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THINGSText: Takashi Ichikawa

On September 19th, Nakano Geino Sho-Gekijo held a screening of two previously unreleased films in Japan. Located just a 5 minute walk from Nakano station, the small theatre organised this event in collaboration with Gucci’s Free School. Here, we will review one of the films on show, and also introduce the event’s organisers to our readers.

The leaflet of “The Kings of Summer” © Gucchi’s Free School

The highlight of that screening was “The Kings of Summer,” directed by Jordan Vogt-Roberts. The film’s portrayal of teenage life, the trouble with conveying feelings, and the generation clash between children and parents had received rave reviews at Sundance Film Festival in 2013.

“The Kings of Summer” © Gucchi’s Free School

Looking forward to adulthood and to become independent from their families, a group of teenage boys builds a hideout in a forest. This coming of age comedy shows the boys maturing and sees their friendship grow stronger throughout the story as they spend time in their hideout. A highly cathartic film, which is laden with themes that resonate with all audiences, such as friendship, affection, love, it gives us a chance to reflect on our own youth while watching it.

The jokes in the film crossed over quite naturally with Japanese audiences, who got quite a few chuckles and laughs out of the lines delivered by the characters. However, this film succeeds not only with its comedic scenarios but also with the highly effective visual and sound effects employed, such as the 8 bit sounds highlighting one scene of the boys in the forest. Audiences were really drawn by the director’s imaginative approach.

“The Kings of Summer” © Gucchi’s Free School

Lead actor Nick Robinson, who plays Joe in the film, was recently also featured in “Jurassic World,” released this year. ‘Kings’ is the debut effort by director Vogt-Roberts, who is rumoured to directed the upcoming live action adaptation of the Japanese video game “Metal Gear Solid.” By watching this film and visiting his personal website, we realised he is huge on video games, making him a natural choice for directing Solid Snake in real life.

“The Kings of Summer” © Gucchi’s Free School

It may be surprising to see a film of such a quality that has not been released in Japan so the audience was really appreciative of the effort put in by the organisers to bring such a fine selection of so far unreleased films to Japan.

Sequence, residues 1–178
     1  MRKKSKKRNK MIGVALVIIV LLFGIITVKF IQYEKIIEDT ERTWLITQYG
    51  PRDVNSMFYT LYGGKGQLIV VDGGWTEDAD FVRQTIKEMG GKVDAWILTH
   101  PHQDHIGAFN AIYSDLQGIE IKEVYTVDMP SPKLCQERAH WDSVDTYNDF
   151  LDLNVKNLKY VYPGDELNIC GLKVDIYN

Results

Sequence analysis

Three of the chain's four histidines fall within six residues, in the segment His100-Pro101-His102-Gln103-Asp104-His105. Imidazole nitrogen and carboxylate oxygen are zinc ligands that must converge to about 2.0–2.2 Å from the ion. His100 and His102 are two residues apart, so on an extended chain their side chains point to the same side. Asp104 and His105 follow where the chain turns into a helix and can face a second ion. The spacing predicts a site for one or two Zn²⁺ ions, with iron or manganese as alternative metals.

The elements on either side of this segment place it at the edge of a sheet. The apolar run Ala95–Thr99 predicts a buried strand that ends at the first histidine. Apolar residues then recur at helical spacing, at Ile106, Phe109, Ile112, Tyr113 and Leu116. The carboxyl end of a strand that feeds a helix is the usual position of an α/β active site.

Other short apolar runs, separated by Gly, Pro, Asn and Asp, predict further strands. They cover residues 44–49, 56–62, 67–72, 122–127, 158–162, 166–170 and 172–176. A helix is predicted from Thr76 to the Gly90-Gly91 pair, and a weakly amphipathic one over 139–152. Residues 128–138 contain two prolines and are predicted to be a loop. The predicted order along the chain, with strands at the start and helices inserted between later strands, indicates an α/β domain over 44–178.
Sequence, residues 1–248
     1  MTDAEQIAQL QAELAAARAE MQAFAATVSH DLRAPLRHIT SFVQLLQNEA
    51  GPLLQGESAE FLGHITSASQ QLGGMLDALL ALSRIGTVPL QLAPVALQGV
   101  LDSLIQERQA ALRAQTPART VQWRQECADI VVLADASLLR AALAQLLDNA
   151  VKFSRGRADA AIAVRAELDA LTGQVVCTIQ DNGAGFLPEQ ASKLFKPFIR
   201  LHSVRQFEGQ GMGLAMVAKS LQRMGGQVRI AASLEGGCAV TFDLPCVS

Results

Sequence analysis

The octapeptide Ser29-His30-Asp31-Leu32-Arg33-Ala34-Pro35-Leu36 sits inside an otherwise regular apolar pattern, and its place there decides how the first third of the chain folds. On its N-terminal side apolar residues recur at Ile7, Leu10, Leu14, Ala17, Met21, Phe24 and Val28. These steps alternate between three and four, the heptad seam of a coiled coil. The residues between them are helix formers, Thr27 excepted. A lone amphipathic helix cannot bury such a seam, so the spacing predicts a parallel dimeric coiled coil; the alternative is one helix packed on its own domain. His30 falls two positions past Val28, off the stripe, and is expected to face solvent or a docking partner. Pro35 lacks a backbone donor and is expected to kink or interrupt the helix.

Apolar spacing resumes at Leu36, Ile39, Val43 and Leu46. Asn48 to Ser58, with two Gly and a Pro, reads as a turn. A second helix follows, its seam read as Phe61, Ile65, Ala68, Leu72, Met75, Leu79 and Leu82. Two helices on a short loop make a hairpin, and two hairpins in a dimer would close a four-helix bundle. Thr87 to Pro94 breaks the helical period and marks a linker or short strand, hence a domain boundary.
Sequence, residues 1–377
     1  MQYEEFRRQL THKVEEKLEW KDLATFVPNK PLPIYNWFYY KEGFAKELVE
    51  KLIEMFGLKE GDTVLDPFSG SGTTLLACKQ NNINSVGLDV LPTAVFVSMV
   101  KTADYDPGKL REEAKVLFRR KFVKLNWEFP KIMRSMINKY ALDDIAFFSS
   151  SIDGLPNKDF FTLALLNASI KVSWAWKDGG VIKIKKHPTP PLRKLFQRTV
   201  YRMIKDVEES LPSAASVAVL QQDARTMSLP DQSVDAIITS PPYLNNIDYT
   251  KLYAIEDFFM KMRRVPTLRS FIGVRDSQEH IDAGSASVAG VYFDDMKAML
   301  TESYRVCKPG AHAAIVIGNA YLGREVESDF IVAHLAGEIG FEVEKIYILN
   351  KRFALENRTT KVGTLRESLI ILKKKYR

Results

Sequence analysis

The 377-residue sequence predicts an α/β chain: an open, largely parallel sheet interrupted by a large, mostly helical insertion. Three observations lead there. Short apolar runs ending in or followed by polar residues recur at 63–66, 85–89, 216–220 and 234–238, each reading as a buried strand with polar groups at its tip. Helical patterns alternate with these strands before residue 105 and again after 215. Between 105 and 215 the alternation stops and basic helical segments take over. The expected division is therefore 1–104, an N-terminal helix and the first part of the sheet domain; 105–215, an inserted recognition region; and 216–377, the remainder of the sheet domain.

Finally, we would also like to introduce the screening’s organizer, Gucci’s Free School. It’s an organization made up of six members, some of them students and some full time workers – with the help of two extra members during film screenings. Their objective is to present foreign film releases, unreleased in either cinemas or home video, and they even add subtitles to the films themselves. Their previous screening was “The Myth of The American Sleepover” by Robert Mitchell. This time they screened “The Kings of Summer” and Wet Hot American Summer.”

Gucci’s Free School holds their events at an assortment of locations, ranging from independent theatres to empty warehouses, which they furnish with couches for the visiting audience. The ticket price includes a brochure, with very insightful reviews of the films on show. After the screenings, there’s always a debate session with guest speakers.

Films that did not find a release in Japan can still be easily watched online. However, not everyone is fluent in a foreign language and would have a hard time understanding film with no subtitles. To fill that gap, the group created a website with a plot summary of a curated list of films – films that they would like to find an audience in Japan. Since they’ve only begun, they are still figuring out how to improve their events and brochures. However, they are already at expanding the reach of their gatherings and playing an active part in the community.

The Kings of Summer
Released year: 2013
Production Companies: Big Beach Films & Low Spark Films (USA)
Others: 95 minutes, CinemaScope/Color
Screening: Gucchi’s Free School

Text: Takashi Ichikawa
Translation: Yumico Miyagawa

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